In such an arrangement it seems reasonable to conclude that the parties considered themselves as partners in the venture, to share equally in the fees, because they are contributed or agreed to contribute something of value to the “partnership.” The parties themselves made a business judgment, presumably, as to the relative value of each other’s contribution, which could include such intangibles as client loyalty and legal expertise as well as actual hours of work. (See In re Agent Orange Product Liability Litigation (E.D.N.Y. 1985), 611 F. Supp. 1452, 1461 (“[L]aw is a business and within limits of public policy such as those set by professional ethics and the usury laws, lawyers may make their own business arrangements as do other business people”).) Consequently, we find that Phillips’ pleadings adequately state a cause of action.


Notwithstanding our holding, we are impelled to comment on some factors that may complicate the resolution of this case.

First, there is the question of what disclosure or notice of the fee agreement was necessary to the unnamed class members and whose *534responsibility it was to send it. At least one court has noted the impracticalities of notifying hundreds of class members of an internal fee-sharing agreement among counsel who managed complex litigation. In re Agent Orange Product Liability Litigation (E.D.N.Y. 1985), 611 F. Supp. 1452, 1463.

In Agent Orange, the Federal Court for the Eastern District of New York noted that class attorneys have fiduciary obligations to the class but recognized the absence of a personal relationship between most class members and the attorneys. Accordingly, the court commented that the existence of fee-sharing agreements should be disclosed to the court early in the litigation so the court could best protect the interests of the class. (611 F. Supp. at 1462-63.) The court went on to question “[wjhether the expense of a separate notification to members of the class is warranted,” stating that such an issue “will be a matter for the court to consider in connection with each case’s needs. Here the size of the class would have made a separate notification inappropriate. *** When notice was ultimately given to the class the fee arrangement notification could have been incorporated in the communication to the class.” 611 F. Supp. at 1463.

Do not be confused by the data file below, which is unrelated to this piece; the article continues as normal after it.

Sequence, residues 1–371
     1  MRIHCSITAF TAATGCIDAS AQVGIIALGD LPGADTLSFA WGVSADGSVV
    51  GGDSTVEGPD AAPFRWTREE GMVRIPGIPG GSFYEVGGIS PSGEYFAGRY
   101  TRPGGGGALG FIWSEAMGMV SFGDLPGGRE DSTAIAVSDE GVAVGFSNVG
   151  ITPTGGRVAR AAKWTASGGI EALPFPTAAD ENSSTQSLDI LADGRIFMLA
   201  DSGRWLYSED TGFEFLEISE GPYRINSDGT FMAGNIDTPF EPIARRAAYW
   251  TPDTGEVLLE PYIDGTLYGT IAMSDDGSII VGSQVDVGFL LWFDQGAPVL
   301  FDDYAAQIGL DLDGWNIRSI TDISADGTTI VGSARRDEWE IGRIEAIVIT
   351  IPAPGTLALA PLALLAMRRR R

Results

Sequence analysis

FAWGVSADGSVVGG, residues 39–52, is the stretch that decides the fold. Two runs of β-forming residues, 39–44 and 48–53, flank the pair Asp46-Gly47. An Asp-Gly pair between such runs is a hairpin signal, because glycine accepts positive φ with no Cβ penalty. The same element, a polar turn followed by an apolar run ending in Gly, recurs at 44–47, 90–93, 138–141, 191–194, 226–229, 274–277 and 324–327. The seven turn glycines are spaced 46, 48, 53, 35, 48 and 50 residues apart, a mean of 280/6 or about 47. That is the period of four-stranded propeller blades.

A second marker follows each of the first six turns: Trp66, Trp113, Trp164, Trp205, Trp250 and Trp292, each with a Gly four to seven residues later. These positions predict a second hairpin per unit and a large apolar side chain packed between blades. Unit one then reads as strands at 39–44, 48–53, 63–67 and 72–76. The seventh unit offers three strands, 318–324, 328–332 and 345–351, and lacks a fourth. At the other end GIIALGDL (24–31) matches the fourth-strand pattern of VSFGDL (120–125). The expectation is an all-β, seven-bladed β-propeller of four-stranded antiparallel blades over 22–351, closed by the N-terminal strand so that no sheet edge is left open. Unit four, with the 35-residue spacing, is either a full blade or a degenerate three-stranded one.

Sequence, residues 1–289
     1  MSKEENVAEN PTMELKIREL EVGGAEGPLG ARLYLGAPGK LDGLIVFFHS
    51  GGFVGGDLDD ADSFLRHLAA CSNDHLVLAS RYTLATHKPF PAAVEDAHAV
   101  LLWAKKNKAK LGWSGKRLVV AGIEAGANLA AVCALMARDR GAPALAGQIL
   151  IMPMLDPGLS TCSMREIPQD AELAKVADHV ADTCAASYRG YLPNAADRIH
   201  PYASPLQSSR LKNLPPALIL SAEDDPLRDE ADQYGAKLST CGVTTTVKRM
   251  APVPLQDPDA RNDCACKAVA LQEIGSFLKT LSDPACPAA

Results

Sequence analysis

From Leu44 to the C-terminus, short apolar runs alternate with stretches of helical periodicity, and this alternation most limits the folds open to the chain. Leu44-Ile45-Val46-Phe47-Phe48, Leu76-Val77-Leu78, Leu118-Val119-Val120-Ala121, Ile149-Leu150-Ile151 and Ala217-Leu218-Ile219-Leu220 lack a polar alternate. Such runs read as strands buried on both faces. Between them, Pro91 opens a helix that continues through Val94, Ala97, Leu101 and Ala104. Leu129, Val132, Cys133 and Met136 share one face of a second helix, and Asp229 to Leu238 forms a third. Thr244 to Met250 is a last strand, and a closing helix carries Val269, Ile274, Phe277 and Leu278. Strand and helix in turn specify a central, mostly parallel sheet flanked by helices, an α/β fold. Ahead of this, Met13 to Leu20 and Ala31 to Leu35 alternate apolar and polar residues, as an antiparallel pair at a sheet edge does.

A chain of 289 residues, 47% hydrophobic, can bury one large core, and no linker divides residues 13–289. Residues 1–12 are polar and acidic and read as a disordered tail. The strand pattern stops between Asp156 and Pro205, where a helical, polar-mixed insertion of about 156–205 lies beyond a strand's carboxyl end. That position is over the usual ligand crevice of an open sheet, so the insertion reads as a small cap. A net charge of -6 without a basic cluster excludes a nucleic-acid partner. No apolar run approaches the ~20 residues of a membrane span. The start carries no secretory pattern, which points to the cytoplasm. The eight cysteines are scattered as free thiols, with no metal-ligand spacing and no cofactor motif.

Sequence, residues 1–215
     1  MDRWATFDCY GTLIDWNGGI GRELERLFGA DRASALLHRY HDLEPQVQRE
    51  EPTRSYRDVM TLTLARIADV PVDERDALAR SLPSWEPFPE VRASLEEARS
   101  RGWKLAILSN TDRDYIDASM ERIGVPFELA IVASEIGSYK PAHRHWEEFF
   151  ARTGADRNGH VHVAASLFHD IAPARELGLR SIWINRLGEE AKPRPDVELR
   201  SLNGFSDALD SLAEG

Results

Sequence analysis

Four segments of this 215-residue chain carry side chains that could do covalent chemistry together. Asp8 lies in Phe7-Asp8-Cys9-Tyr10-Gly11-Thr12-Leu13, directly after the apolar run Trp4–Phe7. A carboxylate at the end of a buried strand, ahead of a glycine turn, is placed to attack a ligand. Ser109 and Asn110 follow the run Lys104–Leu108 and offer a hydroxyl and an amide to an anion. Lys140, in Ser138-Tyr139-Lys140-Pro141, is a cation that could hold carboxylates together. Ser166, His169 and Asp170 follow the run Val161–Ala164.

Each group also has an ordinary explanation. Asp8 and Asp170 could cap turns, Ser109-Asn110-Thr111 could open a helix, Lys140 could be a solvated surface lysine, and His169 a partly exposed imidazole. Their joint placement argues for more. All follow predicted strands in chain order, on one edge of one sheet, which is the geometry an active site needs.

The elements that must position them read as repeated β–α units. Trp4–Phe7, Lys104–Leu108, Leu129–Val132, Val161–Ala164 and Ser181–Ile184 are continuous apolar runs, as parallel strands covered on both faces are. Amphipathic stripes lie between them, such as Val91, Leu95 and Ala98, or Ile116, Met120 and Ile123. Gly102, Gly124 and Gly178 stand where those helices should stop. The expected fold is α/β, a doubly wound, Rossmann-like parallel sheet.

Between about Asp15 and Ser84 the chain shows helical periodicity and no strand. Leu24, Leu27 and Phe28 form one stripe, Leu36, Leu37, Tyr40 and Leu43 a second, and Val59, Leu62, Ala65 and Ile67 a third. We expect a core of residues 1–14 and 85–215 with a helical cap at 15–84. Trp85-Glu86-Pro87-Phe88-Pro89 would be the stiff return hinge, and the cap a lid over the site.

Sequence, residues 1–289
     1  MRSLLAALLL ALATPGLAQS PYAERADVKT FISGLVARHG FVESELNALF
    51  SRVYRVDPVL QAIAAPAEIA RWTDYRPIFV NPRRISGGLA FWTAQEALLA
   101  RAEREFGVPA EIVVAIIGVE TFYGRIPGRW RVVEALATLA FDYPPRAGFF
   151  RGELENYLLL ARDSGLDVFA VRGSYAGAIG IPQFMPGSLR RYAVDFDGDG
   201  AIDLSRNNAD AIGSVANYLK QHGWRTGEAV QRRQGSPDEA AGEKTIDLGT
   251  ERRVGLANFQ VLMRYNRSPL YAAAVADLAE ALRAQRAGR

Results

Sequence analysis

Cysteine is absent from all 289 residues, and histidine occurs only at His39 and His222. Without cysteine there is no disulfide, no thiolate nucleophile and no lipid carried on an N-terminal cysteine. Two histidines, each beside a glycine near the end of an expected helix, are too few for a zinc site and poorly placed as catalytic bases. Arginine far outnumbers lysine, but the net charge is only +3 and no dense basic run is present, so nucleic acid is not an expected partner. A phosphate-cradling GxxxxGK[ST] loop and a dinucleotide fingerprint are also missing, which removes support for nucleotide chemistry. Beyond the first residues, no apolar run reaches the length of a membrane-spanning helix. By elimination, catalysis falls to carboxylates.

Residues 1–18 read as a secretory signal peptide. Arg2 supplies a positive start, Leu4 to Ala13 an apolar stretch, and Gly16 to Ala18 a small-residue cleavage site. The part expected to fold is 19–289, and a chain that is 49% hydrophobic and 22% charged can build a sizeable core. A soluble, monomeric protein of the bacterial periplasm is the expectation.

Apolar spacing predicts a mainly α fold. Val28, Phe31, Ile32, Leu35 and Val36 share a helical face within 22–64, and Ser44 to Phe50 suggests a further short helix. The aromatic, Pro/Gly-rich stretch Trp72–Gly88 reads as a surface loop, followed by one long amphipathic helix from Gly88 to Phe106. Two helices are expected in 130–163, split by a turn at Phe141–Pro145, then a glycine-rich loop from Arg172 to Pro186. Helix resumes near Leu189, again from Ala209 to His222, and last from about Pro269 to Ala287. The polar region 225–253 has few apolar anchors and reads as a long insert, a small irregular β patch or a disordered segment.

Notably, the court did not invalidate the fee-sharing agreement before it but ruled that in all future cases in the Eastern District of New York the court must be informed of all fee-sharing agreements at the outset.

We have no way of knowing what the Federal Court for the Northern District of Illinois would have done had the Phillips-Joyce fee-sharing agreement been presented to it at the beginning of litigation or even at the end. Among the options, as Joyce notes, was the possibility that the court would not have appointed Joyce as lead counsel in the first place. Or, the court could have treated Phillips as a member of Joyce’s law firm for purposes of the fee allocation and left the two of them to determine how to divide the joint fee, as long as there was substantiation that both performed services, jointly, for the class. The court could have enforced it as written.9 We simply do not know.

*535Another concern is the proportionality requirement of DR 2 — 107. Viewed one way, Phillips should not recover fees for the hours of work Joyce performed. Viewed another, Phillips brought clients to Joyce because of Joyce’s proposal, let the matter proceed in the Federal court and forebore from pursuing the parallel State court action. Moreover, he presumably stood ready, willing, and able to perform services that Joyce prevented him from doing. Furthermore, at the time the parties entered the contract, they had purportedly divided the responsibility for the case in a reasonable manner, with Joyce to handle pretrial matters and Phillips to handle the actual trial. In any event, it appears that more than a referral fee was contemplated.

We do not express an opinion on these concerns, however, because the facts necessary to resolve them are not yet developed. Joyce has not filed an answer. There may be other affirmative defenses, since the legal and factual issues have not been defined beyond the face of the complaint.

We also question Joyce’s attempt to use the disciplinary rules to avoid his alleged contractual obligations. Whether he may be estopped from doing so is an issue we need not decide on this appeal.

On the one hand, if a contract is declared void for contravening a law or public policy, the courts leave the parties to the contract where they find them, regardless of “whose ox is gored.” (Schniederjon v. Krupa (1987), 162 Ill. App. 3d 192, 195, 514 N.E.2d 1200, 1202.) On the other hand, “Disciplinary Rule 2 — 107 should not be too readily construed as a license for attorneys to break a promise, go back on their word, or decline to fulfill an obligation, in the name of legal ethics.” Baron v. Mullinax, Wells, Mauzy & Baab, Inc. (Tex. App. 1981), 623 S.W.2d 457, 462.10

Since the trial court apparently determined that the alleged agreement was void per se, it has not considered any of these issues. We accordingly reverse the judgment of the trial court dismissing the *536complaint, hold that Phillips has pleaded a cause of action, and remand for further proceedings.

Reversed and remanded.

JOHNSON and McMORROW, JJ., concur.